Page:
When Ed Balls looked forward to the EU playing a greater role in future UK policies, he must have known that the European Court might be about to make customs duties on purchases from other EU countries illegal.
One estimate is that the ruling could cost the Treasury £7bn a year (equivalent to 5p on basic rate income tax).
That's just for booze and fags - but why should it stop there? (Cars, anyone?) And all those long distance deliveries should be excellent for boosting carbon emissions.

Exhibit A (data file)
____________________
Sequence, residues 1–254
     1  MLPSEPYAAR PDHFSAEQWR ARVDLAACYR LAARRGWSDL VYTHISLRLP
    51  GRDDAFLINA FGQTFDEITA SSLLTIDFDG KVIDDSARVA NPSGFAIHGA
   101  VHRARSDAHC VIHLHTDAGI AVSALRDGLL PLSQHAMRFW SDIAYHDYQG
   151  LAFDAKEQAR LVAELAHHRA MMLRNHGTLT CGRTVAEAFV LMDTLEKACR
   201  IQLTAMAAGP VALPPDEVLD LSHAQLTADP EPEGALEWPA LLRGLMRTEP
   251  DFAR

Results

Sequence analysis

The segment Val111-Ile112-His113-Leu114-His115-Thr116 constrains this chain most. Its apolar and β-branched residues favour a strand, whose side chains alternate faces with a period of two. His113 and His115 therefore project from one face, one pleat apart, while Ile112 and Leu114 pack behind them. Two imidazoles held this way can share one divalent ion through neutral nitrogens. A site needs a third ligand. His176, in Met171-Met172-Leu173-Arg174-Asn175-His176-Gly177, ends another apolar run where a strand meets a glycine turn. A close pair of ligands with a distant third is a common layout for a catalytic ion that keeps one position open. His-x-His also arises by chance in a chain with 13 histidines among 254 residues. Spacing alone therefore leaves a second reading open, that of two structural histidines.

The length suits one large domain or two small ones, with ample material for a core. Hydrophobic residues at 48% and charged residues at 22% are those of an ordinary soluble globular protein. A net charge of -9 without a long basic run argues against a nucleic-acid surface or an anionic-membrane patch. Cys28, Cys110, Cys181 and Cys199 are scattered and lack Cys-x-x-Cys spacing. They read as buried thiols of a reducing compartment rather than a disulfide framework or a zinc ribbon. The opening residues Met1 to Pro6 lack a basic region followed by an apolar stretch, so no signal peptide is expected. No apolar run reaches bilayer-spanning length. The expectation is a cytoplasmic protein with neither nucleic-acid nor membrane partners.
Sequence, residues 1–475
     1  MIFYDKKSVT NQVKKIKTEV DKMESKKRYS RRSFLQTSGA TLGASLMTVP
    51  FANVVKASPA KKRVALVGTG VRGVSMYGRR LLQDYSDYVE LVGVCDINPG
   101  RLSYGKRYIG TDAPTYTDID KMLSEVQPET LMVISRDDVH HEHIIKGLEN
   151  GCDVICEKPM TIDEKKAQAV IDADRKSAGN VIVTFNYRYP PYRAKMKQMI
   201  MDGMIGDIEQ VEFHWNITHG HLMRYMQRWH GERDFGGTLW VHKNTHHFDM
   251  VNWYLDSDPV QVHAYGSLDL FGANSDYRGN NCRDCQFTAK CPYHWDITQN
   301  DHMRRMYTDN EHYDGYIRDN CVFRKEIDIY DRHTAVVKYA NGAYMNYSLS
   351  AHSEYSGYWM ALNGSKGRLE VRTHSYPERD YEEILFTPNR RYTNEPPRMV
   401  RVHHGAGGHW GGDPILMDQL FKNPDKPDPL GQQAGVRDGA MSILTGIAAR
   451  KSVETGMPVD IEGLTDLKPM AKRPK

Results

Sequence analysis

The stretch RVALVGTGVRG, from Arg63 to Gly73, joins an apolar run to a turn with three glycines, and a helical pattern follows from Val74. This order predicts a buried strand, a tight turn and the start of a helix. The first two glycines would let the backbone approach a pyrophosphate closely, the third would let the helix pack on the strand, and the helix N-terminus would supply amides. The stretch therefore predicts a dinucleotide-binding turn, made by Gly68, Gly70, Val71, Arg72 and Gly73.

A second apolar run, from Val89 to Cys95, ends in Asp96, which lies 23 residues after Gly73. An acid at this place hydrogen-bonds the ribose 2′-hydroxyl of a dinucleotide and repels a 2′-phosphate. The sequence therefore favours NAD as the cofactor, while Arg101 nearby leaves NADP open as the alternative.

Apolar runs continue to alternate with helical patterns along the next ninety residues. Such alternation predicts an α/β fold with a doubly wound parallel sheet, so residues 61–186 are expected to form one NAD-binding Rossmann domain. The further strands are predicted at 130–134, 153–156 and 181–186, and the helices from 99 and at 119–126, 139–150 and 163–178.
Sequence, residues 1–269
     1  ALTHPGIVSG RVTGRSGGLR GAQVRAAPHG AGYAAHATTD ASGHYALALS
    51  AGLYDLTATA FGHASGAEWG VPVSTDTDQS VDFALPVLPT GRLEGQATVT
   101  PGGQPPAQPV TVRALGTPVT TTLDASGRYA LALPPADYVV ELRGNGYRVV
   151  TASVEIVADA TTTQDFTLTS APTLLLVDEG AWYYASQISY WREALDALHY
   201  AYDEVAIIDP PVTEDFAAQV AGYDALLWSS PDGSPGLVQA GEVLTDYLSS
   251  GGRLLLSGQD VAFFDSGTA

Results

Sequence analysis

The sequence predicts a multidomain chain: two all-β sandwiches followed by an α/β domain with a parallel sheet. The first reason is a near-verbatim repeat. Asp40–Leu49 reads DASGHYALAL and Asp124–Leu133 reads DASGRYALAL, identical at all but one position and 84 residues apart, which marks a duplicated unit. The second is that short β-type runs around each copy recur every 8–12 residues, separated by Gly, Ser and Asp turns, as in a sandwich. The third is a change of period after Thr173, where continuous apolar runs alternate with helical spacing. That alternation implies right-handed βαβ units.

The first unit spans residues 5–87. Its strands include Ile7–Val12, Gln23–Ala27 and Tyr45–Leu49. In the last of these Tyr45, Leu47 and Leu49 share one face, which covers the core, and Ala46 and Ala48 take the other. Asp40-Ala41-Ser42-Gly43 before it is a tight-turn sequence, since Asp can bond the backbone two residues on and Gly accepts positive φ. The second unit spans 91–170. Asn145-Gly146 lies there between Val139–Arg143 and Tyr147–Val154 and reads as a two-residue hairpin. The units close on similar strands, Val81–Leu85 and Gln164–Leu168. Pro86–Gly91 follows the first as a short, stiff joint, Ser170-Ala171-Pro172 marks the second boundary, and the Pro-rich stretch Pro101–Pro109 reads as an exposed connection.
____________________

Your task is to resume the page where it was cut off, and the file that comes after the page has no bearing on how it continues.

So the first tax competition isn't going to come in business taxes, as expected, but in excise taxes. For high value, low volume goods it will pay a small country to have a low rate of VAT, so that purchasers from across the rest of the EU choose to use its jurisdiction, and it gains the tax revenue.
The larger countries will have to make up their shortfalls from direct taxes - or maybe from those useful green ones.
Gordon must be spitting blood. He hates having his autonomy threatened. Much more of this and he'll be calling in Ruth Lea to explain the Swiss solution.